I choose to enjoy every day. I wake up early at 5am because I am excited about the day ahead, and throughout the day I try to maintain a positive attitude. Yes, sometimes “shit happens” and I don’t have a good day. But I figure if I at least try to have fun and be happy there is a good chance I will enjoy myself.
What I am particularly interested in is ways to enjoy my time at work. Most people know how to enjoy their leisure time, but many people struggle to imagine being happy at work. If this is you, here are a few quick tips:
- Do what you love: this should be your ultimate career goal. I know it’s easier said than done, but just remember it is possible.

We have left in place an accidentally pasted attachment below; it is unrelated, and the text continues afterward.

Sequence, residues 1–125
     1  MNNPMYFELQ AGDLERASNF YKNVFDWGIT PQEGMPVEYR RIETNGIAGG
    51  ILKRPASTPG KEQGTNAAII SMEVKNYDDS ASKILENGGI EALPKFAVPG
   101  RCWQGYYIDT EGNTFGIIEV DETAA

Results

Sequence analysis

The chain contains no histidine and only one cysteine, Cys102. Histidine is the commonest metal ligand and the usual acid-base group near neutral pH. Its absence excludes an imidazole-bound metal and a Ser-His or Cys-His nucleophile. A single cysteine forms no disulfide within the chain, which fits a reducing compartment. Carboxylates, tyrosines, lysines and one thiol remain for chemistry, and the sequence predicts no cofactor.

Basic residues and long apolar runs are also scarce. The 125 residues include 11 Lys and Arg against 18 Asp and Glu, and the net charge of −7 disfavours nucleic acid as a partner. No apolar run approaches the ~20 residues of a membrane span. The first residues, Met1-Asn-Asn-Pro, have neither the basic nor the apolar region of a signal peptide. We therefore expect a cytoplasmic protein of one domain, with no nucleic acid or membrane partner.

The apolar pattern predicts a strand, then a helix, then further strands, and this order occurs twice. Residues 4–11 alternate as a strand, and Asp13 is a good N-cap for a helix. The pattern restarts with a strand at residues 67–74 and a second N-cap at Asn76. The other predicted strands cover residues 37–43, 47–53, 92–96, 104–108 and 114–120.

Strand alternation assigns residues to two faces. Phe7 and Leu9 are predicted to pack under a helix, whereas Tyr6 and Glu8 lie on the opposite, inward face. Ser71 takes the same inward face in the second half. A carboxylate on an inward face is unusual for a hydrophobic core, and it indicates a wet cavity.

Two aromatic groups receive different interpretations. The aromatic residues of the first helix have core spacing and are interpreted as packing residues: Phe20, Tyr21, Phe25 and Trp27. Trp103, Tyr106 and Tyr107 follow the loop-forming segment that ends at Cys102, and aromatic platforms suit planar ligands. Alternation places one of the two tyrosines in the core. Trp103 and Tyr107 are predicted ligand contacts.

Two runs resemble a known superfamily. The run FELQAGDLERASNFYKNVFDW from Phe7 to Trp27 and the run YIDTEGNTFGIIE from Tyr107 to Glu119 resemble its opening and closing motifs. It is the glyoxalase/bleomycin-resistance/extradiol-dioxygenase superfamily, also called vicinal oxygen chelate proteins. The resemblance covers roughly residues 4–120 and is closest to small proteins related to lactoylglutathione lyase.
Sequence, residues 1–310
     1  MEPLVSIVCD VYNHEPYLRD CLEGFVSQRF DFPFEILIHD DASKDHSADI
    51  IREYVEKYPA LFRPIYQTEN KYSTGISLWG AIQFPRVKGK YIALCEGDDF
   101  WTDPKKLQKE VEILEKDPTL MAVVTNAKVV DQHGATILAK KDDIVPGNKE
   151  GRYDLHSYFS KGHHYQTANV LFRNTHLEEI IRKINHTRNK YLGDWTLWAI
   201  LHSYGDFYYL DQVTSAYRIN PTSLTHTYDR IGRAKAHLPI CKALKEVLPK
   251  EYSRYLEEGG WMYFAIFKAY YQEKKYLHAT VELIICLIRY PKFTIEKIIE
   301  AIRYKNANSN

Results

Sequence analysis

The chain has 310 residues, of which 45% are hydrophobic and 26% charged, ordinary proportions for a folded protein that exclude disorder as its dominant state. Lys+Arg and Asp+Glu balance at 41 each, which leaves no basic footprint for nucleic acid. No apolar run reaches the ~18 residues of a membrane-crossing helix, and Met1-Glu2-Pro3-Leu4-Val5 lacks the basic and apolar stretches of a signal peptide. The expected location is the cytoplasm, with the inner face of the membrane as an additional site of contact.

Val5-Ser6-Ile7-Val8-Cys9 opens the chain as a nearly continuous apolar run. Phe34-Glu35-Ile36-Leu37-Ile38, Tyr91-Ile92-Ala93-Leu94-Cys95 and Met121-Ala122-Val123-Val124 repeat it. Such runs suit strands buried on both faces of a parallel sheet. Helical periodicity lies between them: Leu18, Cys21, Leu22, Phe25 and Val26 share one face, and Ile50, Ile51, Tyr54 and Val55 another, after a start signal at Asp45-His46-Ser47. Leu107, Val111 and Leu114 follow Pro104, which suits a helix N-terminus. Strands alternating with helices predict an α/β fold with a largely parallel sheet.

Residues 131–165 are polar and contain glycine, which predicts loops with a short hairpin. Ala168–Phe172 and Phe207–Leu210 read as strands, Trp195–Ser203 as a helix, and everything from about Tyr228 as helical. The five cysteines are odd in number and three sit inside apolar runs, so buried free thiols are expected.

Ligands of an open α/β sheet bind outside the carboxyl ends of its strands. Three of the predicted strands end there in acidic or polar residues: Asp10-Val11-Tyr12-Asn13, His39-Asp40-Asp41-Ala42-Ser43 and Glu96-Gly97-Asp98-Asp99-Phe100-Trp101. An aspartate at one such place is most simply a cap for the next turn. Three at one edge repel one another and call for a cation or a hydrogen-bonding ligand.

- Make friends with your co-workers: in so many ways, it is our relationships with people that give us the most happiness in life. So take the time and effort to become friends with the people you work with.
- Take pride in your work: even if you aren’t saving lives, chances are you are contributing in some positive way to society. Take pride in your work and you are sure to feel better about yourself.
- Stop waiting: stop waiting for something to occur before you are happy. Because guess what? Chances are that a better title, more money, a car bay, or that nice corner office with the great view will not make a significant and lasting difference to your level of happiness.
2. Take Smalls Steps
I have some big dreams and ambitious goals for my life. I’m also human, which means I suffer from fear, self-doubt, and procrastination. This means that if I’m not careful, big and ambitious become overwhelming and intimidating. And the danger with feeling overwhelmed is that I won’t take actions towards my dreams and goals.